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New Year’s Prediction Party – 2011

Greetings, David Maxwell here… As part of the discussion on our last podcast, Mark Plaid, one of our CORICast members, granted me permission to post his Facebook note regarding his 2011 New Year’s prediction party. I do so without comment, below. If you’d like to hear the discussion, please subscribe to CORICast, CORI’s official podcast.

Take it away, Mark!

Off the top of my head I don’t remember the exact year I started having New Year’s Day Prediction Parties. It may have either been for 1999 or 2000. I just moved into my own apartment and was eager to have guests. Many people I knew either worked New Year’s Eve or had plans. So, inspired by the annual opening of predictions on the Art Bell radio show, that I was a big fan of at the time, I took the idea and made a theme party out of it for New Year’s Day. The parties are usually mildly attended, so far we’ve had no more than 9 or 10 people, but they are always pretty fun.

These are the general guidelines for the Mark Plaid’s New Year’s Day Prediction Party. The predictions made the prior year are not to be viewed at any time after they are made at the prediction party until the following year’s prediction party. The only predictions filed are ones made by those attending the party, no phoned, texted, emailed, or any other way of sending prediction from outside the party will be filed.

Two lists are made. Neither list should have anything personal about the attendees or anyone they know, unless the attendees know famous people. One is a list of 100 celebrities that might pass away in the coming year. Celebrities are pretty much anyone who is in the public eye, be they entertainer, political figure, athlete, author, artist, etc. Although this may seem morbid to some, when we didn’t make a separate list for celebrity deaths, the prediction list will fill up with them. This streamlined the predictions and it is quite strongly stressed that the list is neither a betting pool nor a wish list. Either way, I’m not a superstitious person and if you have a problem with talking about death, don’t come to my parties. Avoiding talking about death isn’t going to eliminate death, it’s a part of life no matter how hard you deny it. This is more disclaimer than necessary.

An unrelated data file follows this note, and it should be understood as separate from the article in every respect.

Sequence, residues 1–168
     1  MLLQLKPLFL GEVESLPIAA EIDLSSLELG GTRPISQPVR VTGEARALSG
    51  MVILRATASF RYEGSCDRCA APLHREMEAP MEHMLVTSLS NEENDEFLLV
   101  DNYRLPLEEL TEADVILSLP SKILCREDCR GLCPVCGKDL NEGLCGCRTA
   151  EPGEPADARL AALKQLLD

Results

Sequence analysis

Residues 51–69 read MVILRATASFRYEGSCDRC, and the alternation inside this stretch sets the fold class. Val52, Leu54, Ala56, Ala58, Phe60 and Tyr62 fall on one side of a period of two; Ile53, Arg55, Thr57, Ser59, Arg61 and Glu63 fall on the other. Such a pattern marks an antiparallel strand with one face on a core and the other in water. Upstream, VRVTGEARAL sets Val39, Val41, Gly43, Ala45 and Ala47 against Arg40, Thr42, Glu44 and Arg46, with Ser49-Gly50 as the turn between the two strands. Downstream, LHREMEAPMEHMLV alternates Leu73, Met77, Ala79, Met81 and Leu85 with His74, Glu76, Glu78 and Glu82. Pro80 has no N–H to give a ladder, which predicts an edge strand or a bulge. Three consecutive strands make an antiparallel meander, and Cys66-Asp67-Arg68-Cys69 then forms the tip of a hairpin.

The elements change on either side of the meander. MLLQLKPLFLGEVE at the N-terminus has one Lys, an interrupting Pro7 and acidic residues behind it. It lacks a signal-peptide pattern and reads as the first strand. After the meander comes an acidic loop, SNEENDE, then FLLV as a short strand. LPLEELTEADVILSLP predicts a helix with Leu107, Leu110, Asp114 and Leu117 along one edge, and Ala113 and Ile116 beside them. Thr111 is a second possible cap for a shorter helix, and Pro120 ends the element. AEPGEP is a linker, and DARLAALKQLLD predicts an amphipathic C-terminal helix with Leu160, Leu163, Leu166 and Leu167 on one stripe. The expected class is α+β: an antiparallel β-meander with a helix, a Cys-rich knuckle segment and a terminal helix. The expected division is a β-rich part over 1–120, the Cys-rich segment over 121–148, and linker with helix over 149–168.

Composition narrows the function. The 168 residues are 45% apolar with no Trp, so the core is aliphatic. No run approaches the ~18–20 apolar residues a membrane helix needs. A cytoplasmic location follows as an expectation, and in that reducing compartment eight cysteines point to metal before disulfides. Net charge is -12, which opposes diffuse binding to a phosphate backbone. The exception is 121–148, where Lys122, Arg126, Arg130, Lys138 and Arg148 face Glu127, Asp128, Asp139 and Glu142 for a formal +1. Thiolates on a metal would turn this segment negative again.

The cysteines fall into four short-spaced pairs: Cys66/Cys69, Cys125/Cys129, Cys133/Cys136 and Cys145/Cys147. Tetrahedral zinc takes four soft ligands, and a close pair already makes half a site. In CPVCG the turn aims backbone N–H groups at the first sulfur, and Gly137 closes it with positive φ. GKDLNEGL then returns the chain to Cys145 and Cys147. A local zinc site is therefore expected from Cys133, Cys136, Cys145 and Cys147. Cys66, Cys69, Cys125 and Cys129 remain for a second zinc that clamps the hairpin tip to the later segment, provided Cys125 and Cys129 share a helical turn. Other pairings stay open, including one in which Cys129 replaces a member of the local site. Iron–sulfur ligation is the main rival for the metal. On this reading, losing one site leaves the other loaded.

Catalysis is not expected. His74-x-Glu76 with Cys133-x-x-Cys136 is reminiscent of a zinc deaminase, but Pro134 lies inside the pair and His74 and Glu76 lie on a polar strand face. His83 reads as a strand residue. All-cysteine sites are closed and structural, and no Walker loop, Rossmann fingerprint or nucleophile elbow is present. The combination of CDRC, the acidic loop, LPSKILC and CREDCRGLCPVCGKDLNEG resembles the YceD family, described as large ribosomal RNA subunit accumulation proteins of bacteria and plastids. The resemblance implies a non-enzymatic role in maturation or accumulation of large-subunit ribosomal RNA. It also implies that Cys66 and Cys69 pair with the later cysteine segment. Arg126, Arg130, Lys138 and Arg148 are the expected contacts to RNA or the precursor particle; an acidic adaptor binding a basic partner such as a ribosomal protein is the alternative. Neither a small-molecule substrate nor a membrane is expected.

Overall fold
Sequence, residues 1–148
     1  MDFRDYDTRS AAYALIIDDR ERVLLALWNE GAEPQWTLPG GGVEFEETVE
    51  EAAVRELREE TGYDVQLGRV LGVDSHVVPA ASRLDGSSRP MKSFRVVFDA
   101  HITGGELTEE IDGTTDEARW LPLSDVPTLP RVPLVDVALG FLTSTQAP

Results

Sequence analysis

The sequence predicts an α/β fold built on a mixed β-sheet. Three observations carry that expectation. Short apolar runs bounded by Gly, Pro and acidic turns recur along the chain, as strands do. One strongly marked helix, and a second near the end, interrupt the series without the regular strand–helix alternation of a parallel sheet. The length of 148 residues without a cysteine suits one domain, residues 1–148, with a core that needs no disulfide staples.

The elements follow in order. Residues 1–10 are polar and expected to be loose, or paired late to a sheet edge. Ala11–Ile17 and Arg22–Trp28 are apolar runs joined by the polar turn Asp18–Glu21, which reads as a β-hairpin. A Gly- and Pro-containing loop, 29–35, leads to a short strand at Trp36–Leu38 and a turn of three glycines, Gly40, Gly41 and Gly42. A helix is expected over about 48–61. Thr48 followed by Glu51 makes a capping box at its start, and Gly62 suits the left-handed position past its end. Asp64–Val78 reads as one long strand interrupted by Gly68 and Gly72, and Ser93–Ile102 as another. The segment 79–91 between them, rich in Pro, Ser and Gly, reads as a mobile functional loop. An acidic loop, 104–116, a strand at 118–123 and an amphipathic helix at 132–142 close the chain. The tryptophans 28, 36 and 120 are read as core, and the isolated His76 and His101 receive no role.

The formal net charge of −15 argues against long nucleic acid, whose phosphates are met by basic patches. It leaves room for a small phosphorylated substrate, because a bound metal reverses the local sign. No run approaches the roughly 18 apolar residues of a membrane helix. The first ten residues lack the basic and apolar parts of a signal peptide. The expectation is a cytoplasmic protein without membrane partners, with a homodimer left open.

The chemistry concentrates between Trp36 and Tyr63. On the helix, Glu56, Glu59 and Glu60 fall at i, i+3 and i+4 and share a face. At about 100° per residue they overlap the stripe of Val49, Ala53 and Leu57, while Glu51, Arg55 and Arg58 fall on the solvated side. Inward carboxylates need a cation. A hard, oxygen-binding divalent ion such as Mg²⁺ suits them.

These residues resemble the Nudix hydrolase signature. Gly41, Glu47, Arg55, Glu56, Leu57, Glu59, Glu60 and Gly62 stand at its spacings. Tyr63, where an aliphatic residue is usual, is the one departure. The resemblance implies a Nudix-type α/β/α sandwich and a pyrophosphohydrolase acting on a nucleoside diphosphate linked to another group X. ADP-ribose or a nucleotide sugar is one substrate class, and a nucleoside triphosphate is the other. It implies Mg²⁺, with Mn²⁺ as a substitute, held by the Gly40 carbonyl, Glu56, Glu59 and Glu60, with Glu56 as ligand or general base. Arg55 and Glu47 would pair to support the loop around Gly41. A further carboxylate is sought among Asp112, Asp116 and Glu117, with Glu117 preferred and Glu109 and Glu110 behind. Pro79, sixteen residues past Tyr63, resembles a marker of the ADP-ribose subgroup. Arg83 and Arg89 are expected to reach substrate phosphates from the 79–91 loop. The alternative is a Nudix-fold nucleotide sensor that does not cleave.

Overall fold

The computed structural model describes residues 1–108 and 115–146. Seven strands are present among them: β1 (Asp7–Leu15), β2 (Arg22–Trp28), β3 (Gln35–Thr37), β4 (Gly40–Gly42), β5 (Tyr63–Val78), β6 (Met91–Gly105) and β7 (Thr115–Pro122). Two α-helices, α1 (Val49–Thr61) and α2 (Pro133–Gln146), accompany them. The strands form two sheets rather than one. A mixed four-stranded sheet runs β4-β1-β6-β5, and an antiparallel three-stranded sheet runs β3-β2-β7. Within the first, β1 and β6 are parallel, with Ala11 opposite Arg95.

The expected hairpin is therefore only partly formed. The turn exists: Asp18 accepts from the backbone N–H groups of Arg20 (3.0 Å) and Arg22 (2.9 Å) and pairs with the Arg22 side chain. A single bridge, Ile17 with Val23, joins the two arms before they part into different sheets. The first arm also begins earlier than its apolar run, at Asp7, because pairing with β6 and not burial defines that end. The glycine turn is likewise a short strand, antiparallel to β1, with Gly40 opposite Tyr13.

The second list is a general prediction list which can have things that range from disasters to pop culture fads and all sorts of things that are not celebrity deaths. We don’t have a limit on the number of these predictions they just go until we get tired of making them.

I’m not going to name those who attended the party, but if they choose to reveal themselves that’s okay. This years party had nine total people including me.

There were 6 correct predictions out of 100 for celebrity deaths made at the 2010 prediction party for 2010, they are:

1. J. D. Salinger
2. Rue McClanahan
3. Dino DeLaurentis
4. Dennis Hopper
5. Norman Wisdom
6.Peter Graves

There were 6 correct predictions made out of 52 for general predictions, they are:

1. Recession continues.
2. Public option for health insurance.
3. New Popeye movie announced.
4. An “I love the…” show aired on VH1 about the past decade
5. Sasquatch still unavailable for comment
6. The 2010 list will be opened in 2011 (This has been a standard last prediction made for many of the parties).

As you can see the numbers aren’t too big. There are thankfully few correct celebrity deaths and a lot of fun is had in reading incorrect general predictions like:

-Canada chic!
-Disney buys Catholic church
-Dan Quayle comeback!
-Big Monkey news!
-Sarah Palin defects to Russia!
and more

Thanks to all who attended. It was a blast and I hope to have you again next year. The one thing i find it hard to predict is where in the hell it will be then.

– Mark Plaid

David is a science cheerleader, skeptic, atheist, musician, DBA, husband, father, and a few other things as well. If you like listening better than reading, check him out on CORI's official podcast, CORICast.

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